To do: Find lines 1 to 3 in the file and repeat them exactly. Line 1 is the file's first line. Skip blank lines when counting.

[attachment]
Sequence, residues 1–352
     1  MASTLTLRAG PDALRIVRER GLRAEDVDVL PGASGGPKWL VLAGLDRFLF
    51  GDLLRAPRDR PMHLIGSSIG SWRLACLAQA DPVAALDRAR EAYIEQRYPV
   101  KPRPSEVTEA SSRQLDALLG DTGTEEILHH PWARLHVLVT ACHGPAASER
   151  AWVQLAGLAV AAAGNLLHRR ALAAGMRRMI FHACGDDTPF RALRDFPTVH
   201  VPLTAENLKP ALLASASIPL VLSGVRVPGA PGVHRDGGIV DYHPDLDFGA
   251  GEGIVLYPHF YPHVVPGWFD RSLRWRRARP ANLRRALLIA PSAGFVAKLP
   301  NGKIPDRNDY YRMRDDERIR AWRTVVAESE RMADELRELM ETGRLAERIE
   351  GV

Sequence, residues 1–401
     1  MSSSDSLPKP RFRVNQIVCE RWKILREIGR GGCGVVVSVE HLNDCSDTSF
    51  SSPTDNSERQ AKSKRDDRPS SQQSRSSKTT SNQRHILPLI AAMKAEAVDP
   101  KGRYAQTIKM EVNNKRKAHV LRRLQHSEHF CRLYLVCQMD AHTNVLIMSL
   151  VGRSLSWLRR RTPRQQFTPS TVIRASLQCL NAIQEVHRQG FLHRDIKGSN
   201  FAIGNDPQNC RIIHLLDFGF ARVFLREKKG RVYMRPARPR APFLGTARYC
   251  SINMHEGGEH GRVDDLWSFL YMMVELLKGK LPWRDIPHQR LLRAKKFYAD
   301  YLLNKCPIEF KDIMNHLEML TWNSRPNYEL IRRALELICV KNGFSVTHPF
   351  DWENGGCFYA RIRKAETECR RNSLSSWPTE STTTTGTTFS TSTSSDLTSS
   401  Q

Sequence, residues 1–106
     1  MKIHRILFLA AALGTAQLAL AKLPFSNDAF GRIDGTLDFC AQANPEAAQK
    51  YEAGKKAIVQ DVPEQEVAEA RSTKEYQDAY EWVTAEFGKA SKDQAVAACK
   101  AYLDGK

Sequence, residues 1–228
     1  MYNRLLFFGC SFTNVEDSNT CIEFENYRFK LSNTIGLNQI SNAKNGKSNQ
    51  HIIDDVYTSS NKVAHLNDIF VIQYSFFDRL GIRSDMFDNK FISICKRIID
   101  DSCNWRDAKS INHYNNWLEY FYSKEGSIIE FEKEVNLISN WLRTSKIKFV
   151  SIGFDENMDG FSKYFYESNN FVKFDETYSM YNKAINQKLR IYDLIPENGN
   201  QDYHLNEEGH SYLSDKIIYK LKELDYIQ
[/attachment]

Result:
Sequence, residues 1–352
     1  MASTLTLRAG PDALRIVRER GLRAEDVDVL PGASGGPKWL VLAGLDRFLF
    51  GDLLRAPRDR PMHLIGSSIG SWRLACLAQA DPVAALDRAR EAYIEQRYPV